‘That’s as cinematic as you could get on stage.’ -Martin McDonagh, June’s Playwright #12newplaywrightsin12months

Now known more for his films In Bruges and Seven Psychopaths Martin McDonagh started as a playwright. Performed in 2003 although written in the mid 90s The Pillowman won an Olivier for Best New Play amongst other awards and is by his own admission his most cinematic piece for the stage. For a writer like me who who writes rather theatrical pieces, it was interesting to look at something where the dialogue is very much the focus of the drama.

So what writing tips did I pick up this month?

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  • Simply telling a story on stage can be just as powerful as a monologue to get inside the head of the characters

The Pillowman is about the power of stories. Set in an undescribed totalitarian dictatorship the main character Katurian is a writer under investigation for 2 child murders as they have been killed exactly as described in some stories he has written. A little girl has also gone missing. Does he know where she is?

There are long sections where Katurian tells the stories he’s written defending his work and they do what a monologue can do: at once you’re opening up the character’s inner world, getting to know his tastes, what he thinks about, what his world view is. They’re not verbose. They are quite straight and simple as McDonagh lets the images in the stories do all the work. Yes, they are very dark, but the style reminded me how monologues or in fact stories told as stories on stage don’t have to be poetry to be poetic and resonant.

  • Push the boundaries of how you present your story

I agree with McDonagh. In the quote above ( found in this interview here) he’s referring to The Pillowman and the techniques he uses are definitely very cinematic but they work on stage too and are a reminder that fourth wall can be transcended even in what seems like a realistic piece. 2 scenes (including 1 scene which is an act of its own) is solely Katurian telling a story which is acted out with other actors playing the characters in front of the audience. If it was a film, this would be a voice over, but having the storyteller on stage reminds you that you’re watching a piece that is about stories. At the end of the play the dead rise and narrate the very last moments directly addressing the audience, pulling together the themes of story and the whole piece becomes a ‘story’ from one narrator.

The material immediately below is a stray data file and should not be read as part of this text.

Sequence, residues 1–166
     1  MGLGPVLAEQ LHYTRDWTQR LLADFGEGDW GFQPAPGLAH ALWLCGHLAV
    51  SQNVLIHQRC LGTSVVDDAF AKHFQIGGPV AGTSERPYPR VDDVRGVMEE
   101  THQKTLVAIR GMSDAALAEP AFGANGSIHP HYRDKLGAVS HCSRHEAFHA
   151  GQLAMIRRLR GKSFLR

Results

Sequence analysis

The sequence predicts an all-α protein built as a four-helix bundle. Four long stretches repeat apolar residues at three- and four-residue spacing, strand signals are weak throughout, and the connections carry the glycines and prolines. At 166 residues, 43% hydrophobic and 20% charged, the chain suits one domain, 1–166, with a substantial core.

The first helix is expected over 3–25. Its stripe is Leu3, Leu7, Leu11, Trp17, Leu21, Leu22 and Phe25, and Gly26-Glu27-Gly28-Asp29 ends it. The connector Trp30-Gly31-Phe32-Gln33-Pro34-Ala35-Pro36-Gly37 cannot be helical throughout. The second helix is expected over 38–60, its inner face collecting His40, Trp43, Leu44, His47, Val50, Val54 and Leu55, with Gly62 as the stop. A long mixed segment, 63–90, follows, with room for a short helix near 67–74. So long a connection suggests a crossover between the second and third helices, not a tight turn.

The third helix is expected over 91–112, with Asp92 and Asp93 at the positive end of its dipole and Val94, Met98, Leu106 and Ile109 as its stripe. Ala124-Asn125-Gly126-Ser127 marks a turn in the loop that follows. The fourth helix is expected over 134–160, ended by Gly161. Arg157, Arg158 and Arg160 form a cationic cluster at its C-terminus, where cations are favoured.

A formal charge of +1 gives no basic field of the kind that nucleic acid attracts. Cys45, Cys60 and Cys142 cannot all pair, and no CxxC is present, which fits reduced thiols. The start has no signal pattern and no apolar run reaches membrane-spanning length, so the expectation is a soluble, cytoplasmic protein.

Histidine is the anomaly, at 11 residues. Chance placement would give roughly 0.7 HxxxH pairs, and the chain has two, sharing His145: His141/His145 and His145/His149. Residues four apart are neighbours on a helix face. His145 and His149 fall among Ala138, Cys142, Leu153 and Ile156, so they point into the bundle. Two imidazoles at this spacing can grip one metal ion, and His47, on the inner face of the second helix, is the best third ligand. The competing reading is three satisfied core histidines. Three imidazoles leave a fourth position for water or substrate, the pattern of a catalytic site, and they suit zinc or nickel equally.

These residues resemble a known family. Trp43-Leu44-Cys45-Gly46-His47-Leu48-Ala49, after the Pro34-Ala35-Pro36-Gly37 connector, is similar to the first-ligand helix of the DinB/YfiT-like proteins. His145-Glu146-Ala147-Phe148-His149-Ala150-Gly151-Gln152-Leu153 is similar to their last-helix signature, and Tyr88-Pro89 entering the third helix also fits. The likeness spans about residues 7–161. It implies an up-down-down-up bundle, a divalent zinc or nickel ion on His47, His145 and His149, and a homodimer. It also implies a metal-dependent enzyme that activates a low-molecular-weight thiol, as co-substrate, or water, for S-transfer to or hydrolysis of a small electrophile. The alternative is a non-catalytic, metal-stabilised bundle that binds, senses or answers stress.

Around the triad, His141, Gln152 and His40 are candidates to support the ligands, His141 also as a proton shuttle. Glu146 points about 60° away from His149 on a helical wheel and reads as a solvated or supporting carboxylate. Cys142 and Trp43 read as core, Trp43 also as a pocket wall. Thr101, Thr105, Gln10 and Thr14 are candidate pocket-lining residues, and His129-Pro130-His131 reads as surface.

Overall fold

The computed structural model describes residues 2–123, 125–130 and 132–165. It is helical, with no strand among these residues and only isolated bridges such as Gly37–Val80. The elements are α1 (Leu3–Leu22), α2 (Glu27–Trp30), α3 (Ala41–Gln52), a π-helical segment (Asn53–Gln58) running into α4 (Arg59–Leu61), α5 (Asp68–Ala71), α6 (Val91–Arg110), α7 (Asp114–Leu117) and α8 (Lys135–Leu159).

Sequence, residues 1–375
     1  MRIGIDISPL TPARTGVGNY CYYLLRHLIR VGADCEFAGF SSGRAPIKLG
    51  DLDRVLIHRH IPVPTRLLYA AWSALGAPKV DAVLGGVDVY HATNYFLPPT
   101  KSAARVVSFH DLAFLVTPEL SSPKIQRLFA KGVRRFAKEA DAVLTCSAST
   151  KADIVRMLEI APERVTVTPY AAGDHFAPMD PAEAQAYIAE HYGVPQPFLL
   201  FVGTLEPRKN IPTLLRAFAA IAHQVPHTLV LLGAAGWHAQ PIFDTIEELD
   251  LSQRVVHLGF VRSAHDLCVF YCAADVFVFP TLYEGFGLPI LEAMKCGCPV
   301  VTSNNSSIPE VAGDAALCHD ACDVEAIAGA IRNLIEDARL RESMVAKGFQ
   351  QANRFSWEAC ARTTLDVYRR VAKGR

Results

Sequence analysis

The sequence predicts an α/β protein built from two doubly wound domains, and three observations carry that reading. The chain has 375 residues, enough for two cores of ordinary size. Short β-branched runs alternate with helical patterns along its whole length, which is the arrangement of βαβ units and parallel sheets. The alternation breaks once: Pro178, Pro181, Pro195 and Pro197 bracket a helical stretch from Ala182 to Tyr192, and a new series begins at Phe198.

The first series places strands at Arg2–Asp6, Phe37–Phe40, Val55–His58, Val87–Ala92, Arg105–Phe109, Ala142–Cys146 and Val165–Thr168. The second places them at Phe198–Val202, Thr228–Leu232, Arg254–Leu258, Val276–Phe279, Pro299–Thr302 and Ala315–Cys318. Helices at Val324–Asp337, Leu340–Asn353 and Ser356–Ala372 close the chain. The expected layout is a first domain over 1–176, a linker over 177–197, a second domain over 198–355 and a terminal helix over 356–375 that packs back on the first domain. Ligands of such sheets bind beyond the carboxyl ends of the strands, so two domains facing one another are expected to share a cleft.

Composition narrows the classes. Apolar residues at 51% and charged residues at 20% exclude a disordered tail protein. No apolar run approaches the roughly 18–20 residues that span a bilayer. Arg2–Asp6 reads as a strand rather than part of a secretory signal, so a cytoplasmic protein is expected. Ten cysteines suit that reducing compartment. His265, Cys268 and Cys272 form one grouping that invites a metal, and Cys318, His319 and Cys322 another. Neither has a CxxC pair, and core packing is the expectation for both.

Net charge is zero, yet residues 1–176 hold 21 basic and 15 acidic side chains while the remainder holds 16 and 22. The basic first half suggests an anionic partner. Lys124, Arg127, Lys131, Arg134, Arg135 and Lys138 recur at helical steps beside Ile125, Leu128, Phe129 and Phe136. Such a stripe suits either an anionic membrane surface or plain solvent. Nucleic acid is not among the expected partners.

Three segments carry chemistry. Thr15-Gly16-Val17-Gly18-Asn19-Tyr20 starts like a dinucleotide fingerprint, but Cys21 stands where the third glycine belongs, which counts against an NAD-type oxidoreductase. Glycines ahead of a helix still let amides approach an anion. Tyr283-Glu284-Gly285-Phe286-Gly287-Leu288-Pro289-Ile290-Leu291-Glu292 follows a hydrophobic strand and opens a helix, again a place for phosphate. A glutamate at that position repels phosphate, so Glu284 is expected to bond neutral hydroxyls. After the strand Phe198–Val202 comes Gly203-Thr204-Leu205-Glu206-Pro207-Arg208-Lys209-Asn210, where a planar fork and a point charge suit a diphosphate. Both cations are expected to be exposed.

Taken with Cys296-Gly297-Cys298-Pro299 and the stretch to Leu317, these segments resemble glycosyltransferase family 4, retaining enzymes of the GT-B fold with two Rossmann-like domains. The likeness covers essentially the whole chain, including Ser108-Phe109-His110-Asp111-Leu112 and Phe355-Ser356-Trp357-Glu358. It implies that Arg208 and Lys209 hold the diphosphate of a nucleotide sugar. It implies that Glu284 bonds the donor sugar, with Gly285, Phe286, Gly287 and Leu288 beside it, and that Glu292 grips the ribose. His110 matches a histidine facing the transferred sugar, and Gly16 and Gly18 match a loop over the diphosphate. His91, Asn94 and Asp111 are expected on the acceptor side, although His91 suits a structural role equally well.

It made me think even harder about how the very best plays use every moment they can to bring the piece together and make their point (if they have one), and I’m definitely going to be trying to go further with the new piece I’m working on to be more self-conscious of how the piece is packaged and presented to the audience.

  • Keep the audience guessing and they’ll go into dark places with you

I think I’ve written before that police investigations are not my favourite kind of drama as they end up being very static and without the techniques mentioned above I would’ve lost interest very quickly. However, the world McDonagh presents and the questions the play raises are interesting and relevant, and the twists in the story keep you guessing as it focuses you more heavily on the plot rather than the rather unpalatable subjects the play discusses. A good tip when working on tough material.

July’s playwright: Duncan MacMillan

A couple of years ago I went to a workshop run by MacMillan and in it he talked of a play he’d written about environmentalism, but that he’d written it through a love story. This play, Lungs, is showing in Paines Plough’s Roundabout on the South Bank so I’m going to watch it and see what tips I can pick up.

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